Sri Lankan cricket fans appear to have had enough of the team's poor run against India as a group of them gathered behind the team bus yesterday and shouted slogans against them. In response, Sri Lanka's interim coach admitted that the players and staff have to take responsibility for the results.
The fact that Sri Lankan cricket is currently in turmoil is plain to see as the 1996 World Cup winners have struggled to beat teams in recent past which
However, it seems unlikely that the island nation will be able to secure direct qualification for the tournament in England and Wales as India have looked rampant on the tour so far, whitewashing them in the three match Test series.
Following the whitewash, Upul Tharanga, the ODI skipper, called on the fans to rally behind the team, before the change of formats, particularly given that Sri Lanka had beaten India in the Champions Trophy in June. But as things turned out, India continued to dominate on the tour in the first ODI, yesterday, as they dismissed the hosts for a paltry total of 216 before Shikhar Dhawan smashed his third hundred of the tour and Kohli managed 82* off 70 balls to help India take a 1-0 lead in the five match series.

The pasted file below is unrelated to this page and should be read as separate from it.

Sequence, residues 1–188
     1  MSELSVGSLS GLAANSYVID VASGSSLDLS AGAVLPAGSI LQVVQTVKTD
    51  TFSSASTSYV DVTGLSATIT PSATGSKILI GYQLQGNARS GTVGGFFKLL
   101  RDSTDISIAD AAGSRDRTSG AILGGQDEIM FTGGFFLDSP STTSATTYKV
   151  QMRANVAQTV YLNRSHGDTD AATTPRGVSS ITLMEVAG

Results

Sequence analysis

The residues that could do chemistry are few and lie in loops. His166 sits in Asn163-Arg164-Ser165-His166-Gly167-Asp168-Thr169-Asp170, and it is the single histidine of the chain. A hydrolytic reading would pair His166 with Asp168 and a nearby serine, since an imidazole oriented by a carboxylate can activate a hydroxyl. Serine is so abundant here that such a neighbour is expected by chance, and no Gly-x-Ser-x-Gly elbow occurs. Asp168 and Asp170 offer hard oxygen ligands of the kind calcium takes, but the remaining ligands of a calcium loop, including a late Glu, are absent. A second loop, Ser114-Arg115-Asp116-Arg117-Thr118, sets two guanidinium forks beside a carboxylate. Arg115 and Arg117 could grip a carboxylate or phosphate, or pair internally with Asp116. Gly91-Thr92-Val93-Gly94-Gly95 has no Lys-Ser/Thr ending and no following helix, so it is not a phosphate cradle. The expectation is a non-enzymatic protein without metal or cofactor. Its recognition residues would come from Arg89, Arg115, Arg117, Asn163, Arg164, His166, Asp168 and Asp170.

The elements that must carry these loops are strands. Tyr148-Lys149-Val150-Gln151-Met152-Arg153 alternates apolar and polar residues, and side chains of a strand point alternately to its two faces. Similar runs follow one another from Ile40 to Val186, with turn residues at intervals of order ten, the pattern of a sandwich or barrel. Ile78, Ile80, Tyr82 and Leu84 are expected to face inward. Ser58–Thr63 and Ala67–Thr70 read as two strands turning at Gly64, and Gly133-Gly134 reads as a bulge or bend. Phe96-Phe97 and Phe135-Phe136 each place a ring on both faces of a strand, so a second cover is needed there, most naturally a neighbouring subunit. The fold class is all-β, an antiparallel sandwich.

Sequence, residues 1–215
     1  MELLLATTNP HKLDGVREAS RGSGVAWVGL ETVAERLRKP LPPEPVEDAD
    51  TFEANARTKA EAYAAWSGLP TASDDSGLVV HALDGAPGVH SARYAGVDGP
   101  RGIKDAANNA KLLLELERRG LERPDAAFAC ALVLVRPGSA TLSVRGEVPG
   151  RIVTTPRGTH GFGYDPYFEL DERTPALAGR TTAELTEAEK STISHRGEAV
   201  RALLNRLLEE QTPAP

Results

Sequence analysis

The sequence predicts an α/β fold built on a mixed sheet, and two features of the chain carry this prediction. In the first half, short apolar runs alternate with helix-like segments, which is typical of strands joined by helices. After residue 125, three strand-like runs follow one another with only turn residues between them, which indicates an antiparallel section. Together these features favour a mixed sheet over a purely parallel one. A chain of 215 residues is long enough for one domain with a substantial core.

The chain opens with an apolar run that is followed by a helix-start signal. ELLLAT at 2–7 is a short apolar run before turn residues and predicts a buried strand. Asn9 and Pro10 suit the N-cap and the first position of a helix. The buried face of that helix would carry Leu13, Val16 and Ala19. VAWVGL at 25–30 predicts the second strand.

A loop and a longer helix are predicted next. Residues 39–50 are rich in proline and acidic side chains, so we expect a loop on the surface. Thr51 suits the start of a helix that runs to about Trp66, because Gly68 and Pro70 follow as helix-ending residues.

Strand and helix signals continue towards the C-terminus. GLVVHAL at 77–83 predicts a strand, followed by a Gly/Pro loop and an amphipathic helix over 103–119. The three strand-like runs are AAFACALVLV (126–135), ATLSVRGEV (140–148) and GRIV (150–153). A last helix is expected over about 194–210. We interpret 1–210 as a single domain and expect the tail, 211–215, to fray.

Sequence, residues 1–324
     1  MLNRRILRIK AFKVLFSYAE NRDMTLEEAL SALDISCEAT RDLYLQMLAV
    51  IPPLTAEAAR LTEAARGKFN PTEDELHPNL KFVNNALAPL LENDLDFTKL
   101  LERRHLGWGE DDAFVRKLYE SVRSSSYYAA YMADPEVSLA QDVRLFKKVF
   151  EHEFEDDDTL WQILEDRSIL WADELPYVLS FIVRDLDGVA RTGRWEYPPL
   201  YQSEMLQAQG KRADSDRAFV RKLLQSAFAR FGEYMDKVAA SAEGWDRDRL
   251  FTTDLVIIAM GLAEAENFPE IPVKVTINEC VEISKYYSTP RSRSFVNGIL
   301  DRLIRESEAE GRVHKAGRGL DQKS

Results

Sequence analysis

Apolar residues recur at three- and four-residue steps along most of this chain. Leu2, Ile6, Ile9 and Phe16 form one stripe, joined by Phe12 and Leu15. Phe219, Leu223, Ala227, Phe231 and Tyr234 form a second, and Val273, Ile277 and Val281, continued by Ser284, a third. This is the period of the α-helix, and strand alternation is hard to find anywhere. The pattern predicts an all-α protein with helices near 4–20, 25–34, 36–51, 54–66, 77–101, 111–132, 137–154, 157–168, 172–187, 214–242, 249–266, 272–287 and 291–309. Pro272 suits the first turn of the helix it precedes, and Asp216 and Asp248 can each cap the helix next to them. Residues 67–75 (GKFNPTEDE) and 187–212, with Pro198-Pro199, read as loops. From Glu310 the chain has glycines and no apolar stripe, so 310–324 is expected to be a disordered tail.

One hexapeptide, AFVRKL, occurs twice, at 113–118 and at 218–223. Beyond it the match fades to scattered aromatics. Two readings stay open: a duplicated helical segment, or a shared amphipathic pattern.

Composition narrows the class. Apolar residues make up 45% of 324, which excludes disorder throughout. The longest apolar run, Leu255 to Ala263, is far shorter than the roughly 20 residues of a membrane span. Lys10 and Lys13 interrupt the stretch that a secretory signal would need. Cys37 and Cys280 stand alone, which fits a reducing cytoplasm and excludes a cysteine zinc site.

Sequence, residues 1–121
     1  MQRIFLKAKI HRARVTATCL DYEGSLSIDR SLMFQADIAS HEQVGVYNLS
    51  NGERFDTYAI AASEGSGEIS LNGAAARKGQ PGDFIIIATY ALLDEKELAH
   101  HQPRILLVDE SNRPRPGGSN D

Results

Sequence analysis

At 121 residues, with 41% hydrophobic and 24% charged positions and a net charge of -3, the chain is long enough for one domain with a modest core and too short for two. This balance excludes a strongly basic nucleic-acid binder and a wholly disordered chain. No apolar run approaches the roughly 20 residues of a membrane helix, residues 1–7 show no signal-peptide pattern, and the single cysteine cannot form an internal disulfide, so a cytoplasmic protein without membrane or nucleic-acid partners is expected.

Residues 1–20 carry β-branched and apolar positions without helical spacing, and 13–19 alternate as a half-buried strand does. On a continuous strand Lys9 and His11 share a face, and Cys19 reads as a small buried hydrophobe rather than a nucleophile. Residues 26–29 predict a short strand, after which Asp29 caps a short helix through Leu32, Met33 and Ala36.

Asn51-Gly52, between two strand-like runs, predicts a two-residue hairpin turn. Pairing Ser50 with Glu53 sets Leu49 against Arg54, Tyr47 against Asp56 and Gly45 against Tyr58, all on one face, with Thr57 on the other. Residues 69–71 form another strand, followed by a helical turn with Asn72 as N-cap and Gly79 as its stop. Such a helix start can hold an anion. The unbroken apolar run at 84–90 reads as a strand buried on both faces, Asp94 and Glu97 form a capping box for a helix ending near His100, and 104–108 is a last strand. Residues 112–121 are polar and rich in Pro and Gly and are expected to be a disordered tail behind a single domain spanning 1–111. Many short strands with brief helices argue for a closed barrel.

And now, following this latest defeat, it seems as though the Lankan fans have had enough as around 50 fans gathered behind the bus as the players were about to board after the game and began chanting, "We want our cricket back" and "Bring back brand of cricket we played in 1996."
Riot police had to intervene to clear the fans before the team members boarded the bus and headed towards the team hotel.
Speaking after the loss, Sri Lanka's interim coach Nic Pothas told journalists, "It swings between hurt and embarrassment. Emotionally you get angry. You get frustrated. You can't fault anyone within that changing room. Yes, we didn't play our best cricket today. That's pretty obvious. You do get angry. To say 'too many cooks' is probably accurate.
"We were 139 for one. Then we were 77 for 9. To lose nine wickets in 19 overs is in anyone's language unacceptable. We've got to take that on the chin as staff, as players, and that's the reality of sport," Pothas added.